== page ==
NCDOT is responsible for the second largest State-maintained road network in the U.S., assuming ownership and maintenance for more than 78,000 of the State's approximately 101,000 miles of roads. In 1989 the North Carolina General Assembly passed the Highway Trust Fund Act, which mandated the construction of a total of seven outer loops and four-lane divided highways for towns with populations greater than 50,000. While the new Highway Trust Fund was applauded for its economic development objectives, the environmental implications of such an aggressive, statewide infrastructure initiative were not considered. In the years that followed, NCDOT experienced tremendous delays in project delivery, of which more than 50 percent were attributed to inadequate compensatory wetland mitigation: North Carolina is 17 percent wetlands, and transportation projects frequently encountered wetland impacts.

Concurrently, the Federal Highway Administration launched numerous efforts at the national level to advance environmental streamlining as one of FHWA's vital few goals. Eleven States, including North Carolina, were identified as environmental streamlining pilot sites. NCDOT was already forging a significant re-design process, called Merger-01, to improve interagency coordination and process efficiency through the integration of the National Environmental Policy Act (NEPA) and 404 permitting processes. Merger-01 was a response to the massive environmental mitigation challenges posed by the 1989 highway bill and proved especially successful in identifying genuinely unavoidable impacts from transportation projects.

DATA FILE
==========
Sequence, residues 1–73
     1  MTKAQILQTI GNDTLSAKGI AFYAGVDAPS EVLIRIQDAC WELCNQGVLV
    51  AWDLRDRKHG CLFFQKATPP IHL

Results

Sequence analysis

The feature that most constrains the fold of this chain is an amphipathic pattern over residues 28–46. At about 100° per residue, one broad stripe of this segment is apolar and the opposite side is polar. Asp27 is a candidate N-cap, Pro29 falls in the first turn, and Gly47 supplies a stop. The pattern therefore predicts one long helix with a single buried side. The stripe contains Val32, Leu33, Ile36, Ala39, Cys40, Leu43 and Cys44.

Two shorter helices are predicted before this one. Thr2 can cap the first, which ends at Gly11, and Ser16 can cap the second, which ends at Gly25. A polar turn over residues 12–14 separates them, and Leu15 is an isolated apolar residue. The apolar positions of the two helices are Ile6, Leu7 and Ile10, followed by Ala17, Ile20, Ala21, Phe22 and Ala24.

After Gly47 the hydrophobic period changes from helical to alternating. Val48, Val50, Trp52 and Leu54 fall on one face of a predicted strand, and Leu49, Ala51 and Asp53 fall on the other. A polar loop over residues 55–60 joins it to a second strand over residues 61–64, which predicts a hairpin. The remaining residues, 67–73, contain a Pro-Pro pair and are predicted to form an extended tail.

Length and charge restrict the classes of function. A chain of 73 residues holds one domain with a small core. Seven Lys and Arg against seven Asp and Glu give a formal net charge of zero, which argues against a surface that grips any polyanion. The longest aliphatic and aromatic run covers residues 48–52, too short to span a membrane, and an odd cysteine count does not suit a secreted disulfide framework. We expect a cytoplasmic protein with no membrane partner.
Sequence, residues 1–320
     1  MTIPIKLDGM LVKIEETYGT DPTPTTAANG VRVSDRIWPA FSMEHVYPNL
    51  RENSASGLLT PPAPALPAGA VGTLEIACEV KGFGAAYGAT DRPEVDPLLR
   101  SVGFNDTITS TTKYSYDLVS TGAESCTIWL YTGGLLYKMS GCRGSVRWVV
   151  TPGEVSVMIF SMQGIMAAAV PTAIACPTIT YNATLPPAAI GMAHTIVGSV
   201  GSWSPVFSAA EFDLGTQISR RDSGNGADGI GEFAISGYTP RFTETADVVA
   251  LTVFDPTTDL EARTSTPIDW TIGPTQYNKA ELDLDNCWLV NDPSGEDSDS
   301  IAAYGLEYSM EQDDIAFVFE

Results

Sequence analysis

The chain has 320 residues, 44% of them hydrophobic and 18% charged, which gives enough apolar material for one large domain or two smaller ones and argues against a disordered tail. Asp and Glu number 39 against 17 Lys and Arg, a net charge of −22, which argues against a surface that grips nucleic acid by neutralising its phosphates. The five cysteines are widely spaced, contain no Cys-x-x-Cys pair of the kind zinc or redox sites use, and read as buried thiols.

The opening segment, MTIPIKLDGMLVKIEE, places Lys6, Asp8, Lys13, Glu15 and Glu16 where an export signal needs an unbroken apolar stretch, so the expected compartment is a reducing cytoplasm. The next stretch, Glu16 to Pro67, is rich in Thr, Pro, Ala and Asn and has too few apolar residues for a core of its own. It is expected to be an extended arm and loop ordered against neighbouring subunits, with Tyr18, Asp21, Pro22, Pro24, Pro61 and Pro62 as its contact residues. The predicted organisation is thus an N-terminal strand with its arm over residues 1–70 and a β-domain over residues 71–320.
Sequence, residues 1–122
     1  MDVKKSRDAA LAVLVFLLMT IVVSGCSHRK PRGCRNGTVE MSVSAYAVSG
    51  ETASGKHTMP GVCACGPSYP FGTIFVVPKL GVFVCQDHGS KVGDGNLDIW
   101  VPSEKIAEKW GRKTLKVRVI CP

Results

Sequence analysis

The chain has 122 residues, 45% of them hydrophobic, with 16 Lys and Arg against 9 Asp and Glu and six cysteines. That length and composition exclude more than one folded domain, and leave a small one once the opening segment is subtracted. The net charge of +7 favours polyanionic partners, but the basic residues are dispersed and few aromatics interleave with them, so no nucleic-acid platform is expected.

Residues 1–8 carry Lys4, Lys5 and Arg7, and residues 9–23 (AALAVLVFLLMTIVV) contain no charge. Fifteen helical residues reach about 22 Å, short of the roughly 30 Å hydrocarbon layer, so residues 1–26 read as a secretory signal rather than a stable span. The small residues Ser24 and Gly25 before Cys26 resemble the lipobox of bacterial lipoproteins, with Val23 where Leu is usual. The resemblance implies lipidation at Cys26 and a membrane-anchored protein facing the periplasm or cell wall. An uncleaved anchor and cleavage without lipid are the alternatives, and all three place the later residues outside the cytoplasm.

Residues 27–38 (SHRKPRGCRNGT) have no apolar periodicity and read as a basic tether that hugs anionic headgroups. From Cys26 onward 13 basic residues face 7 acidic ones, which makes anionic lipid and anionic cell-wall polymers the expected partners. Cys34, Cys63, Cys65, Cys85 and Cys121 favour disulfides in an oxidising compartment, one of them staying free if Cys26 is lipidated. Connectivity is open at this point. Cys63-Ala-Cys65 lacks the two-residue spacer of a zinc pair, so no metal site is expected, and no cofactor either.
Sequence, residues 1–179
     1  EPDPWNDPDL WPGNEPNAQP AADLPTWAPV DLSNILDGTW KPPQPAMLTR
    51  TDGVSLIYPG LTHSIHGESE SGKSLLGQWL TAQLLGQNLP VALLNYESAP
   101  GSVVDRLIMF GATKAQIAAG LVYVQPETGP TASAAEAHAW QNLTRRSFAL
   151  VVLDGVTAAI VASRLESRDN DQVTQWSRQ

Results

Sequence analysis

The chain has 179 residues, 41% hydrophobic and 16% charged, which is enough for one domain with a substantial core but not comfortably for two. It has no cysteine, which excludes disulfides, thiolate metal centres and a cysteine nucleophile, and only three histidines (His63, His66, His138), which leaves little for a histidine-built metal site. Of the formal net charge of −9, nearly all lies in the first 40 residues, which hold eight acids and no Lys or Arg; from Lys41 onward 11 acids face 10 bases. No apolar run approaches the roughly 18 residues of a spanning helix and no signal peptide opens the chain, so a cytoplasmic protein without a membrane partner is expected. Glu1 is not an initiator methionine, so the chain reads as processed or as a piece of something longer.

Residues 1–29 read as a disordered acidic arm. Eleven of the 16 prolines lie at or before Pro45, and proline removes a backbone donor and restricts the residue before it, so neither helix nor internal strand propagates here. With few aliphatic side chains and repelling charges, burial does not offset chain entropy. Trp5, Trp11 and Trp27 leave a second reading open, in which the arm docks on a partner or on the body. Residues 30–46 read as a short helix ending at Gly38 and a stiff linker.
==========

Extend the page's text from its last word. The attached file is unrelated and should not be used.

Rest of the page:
In the early to mid 1990s, wetland banking was not a competitive business in North Carolina, as it is today. Without competitive pricing and uniform success criteria in the banking industry, it was not unusual for NCDOT to pay private bankers large sums of money for wetland banks that either failed or demonstrated poor ecological quality. When the first State-operated banking program, the NC Wetlands Restoration Program (NCWRP), was established in 1997, NCDOT anticipated a timelier, more cost-effective, and ecologically sound solution to its mitigation problems. Unfortunately, the NCWRP became mired in the bureaucratic planning processes associated with operating a banking program to the point that it could not achieve an efficient timetable for the implementation of the high quality wetland mitigation necessitated by the State's aggressive transportation construction program. Frustrations escalated between NCDOT and the resource and regulatory agencies, and it became clear that a virtual "sea change" in the State's approach to mitigation was necessary if real progress was to be made.